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DEEP PURPLE on the ice: algae are heating up Greenland

Purple algae are making the western Greenland Ice Sheet melt faster, as the algae darken the ice surface and make it absorb more sunlight. With an ERC Synergy Grant of €11 million, researchers from Aarhus University and two other European universities will examine the role of glacier algae in a warming climate.

The ERC (European Research Council) has awarded a Synergy grant to Alexandre Anesio at Aarhus University, Martyn Tranter at University of Bristol, UK, and Liane G. Benning at GFZ Potsdam, Germany.

The three professors have already helped change our understanding of why the ice darkens during the melt season by identifying the purple-pigmented ice algal blooms in the ice surface. The glacier algae in this area are pigmented deep purple to shield their vital elements from the intense UV radiation in sunlight.

And should the project name DEEP PURPLE make you think of the rock classic "Smoke on the Water", you are not wide of the mark.

There are now so many of these deep purple algae that they look as black as the soot from tundra fires. And they form a dark band that has been progressively growing down the western side of the Greenland Ice Sheet during the summer melt season for the last 20 years, causing increased melting of the darkening ice.

Just why these glacier algae grow so densely is not really known at the moment, and neither is whether they will grow in the new melt zones on the ice sheet surface, to the north and to the ice sheet interior, as the climate continues to warm.

Questions such as these need answering if future sea level rise is to be predicted accurately, since Greenland melt is a major driver of current sea level rise. 


Project DEEP PURPLE aims to answer these questions over the next six years, combining curiosity driven science about how the glacier algae grow and interact with their icy habitat, and societally relevant research into the processes that lead to ice surface darkening that are needed by ice melt modellers. 

The scientists will work around many different sites in Greenland, making measurements of

  • surface darkening,
  • glacier algae density,
  • how much soot and dust the algae trap on the surface
  • the physical properties of the melting ice surface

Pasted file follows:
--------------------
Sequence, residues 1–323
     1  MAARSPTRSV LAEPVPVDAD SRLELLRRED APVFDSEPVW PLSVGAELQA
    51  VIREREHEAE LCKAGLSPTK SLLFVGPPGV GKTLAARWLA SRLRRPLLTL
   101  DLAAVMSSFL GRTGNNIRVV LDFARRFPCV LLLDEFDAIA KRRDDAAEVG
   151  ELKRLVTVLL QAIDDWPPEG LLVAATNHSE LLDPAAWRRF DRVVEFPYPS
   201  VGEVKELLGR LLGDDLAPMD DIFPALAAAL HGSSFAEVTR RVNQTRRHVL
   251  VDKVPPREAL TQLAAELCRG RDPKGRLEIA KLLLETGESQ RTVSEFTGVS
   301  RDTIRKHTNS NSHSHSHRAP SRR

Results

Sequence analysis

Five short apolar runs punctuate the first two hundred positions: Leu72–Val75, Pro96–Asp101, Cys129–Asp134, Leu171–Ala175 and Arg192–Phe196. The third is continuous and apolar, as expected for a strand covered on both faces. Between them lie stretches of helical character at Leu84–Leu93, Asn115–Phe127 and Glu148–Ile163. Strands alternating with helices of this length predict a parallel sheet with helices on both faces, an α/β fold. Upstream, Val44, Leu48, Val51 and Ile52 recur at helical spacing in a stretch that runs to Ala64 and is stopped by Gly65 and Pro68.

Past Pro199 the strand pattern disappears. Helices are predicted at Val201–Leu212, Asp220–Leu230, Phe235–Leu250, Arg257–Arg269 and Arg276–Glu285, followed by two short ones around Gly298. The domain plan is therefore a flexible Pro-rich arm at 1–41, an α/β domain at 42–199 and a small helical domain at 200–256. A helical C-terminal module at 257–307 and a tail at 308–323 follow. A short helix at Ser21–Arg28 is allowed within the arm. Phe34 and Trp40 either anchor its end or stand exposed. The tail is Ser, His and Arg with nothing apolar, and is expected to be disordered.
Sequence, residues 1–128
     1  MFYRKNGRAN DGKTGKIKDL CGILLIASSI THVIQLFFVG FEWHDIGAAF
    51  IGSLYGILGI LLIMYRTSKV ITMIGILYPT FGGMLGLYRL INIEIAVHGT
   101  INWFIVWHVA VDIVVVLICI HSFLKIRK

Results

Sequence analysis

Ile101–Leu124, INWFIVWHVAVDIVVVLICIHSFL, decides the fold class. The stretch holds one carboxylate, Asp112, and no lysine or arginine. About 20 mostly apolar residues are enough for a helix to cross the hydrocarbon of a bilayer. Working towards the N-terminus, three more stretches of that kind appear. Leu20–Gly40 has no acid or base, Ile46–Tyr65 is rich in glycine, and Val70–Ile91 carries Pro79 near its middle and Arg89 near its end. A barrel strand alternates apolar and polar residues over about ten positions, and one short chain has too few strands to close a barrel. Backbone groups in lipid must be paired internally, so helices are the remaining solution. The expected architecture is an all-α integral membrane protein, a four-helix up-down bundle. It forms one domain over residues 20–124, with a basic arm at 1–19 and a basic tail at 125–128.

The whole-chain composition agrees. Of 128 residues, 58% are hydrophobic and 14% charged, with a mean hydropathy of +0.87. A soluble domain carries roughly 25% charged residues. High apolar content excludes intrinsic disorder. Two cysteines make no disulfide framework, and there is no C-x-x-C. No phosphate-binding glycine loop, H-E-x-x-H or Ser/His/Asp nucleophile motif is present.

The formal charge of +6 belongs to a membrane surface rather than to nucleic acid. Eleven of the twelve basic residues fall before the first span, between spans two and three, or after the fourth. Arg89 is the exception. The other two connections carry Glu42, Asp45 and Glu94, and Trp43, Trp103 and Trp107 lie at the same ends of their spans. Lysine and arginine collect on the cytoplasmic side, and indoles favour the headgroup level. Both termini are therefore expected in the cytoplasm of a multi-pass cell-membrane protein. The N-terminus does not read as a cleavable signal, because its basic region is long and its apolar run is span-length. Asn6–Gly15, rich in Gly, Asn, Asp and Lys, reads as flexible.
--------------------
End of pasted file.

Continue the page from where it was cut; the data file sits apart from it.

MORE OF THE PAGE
to finally understand, how biological darkening occurs, and to predict where and when it will occur in the future.

Amazing opportunity


This type of research needs the expertise of microbiologists, glaciologists and particulate biogeochemists, working in synergy, because only with a knowledge of all three aspects of melting ice surfaces can biological darkening be understood. DEEP PURPLE will host a team of 9 post doctoral researchers and 6 PhD students, along with the three principal investigators.

“This is an amazing opportunity to finally collect all the physical, chemical and biological measurements we need from around the Greenland Ice Sheet. It will also provide opportunities to perform field and laboratory experiments to understand the controls of the increasing amount of biological darkening that is occurring year by year in the Greenland ice sheet. Glaciers globally have similar processes, and the results of this project will also improve our understanding of the ice biome,” says professor and biogeochemist Alexandre Anesio from the Department of Environmental Science at Aarhus University.

Further information:


Please read about the projects Dark Snow og Black and Bloom, that paved the way for DEEP PURPLE.

...and read about Alexandre Anesio’s research in Greenland in this article in The Guardian.


Professor Alexandre Anesio
Department of Environmental Science - Environmental Microbiology and Circular Resource Flow
Aarhus University

Mail: ama@envs.au.dk
Mobile: +4522568980